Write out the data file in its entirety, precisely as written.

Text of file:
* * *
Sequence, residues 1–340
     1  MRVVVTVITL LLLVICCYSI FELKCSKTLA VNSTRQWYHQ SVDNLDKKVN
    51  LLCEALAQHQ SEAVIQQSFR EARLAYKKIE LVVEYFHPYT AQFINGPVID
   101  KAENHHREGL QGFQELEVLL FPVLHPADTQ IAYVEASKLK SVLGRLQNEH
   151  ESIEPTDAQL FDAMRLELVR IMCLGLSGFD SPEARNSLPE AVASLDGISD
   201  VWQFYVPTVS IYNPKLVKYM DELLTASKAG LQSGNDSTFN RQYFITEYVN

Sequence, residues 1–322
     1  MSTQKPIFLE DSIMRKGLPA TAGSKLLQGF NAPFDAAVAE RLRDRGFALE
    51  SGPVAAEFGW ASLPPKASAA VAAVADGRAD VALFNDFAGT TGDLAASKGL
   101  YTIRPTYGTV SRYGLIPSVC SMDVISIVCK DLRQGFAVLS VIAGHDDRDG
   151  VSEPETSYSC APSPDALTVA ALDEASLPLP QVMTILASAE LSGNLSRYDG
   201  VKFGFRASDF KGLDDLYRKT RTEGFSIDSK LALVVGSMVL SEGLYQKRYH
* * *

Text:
Sequence, residues 1–340
     1  MRVVVTVITL LLLVICCYSI FELKCSKTLA VNSTRQWYHQ SVDNLDKKVN
    51  LLCEALAQHQ SEAVIQQSFR EARLAYKKIE LVVEYFHPYT AQFINGPVID
   101  KAENHHREGL QGFQELEVLL FPVLHPADTQ IAYVEASKLK SVLGRLQNEH
   151  ESIEPTDAQL FDAMRLELVR IMCLGLSGFD SPEARNSLPE AVASLDGISD
   201  VWQFYVPTVS IYNPKLVKYM DELLTASKAG LQSGNDSTFN RQYFITEYVN

Sequence, residues 1–322
     1  MSTQKPIFLE DSIMRKGLPA TAGSKLLQGF NAPFDAAVAE RLRDRGFALE
    51  SGPVAAEFGW ASLPPKASAA VAAVADGRAD VALFNDFAGT TGDLAASKGL
   101  YTIRPTYGTV SRYGLIPSVC SMDVISIVCK DLRQGFAVLS VIAGHDDRDG
   151  VSEPETSYSC APSPDALTVA ALDEASLPLP QVMTILASAE LSGNLSRYDG
   201  VKFGFRASDF KGLDDLYRKT RTEGFSIDSK LALVVGSMVL SEGLYQKRYH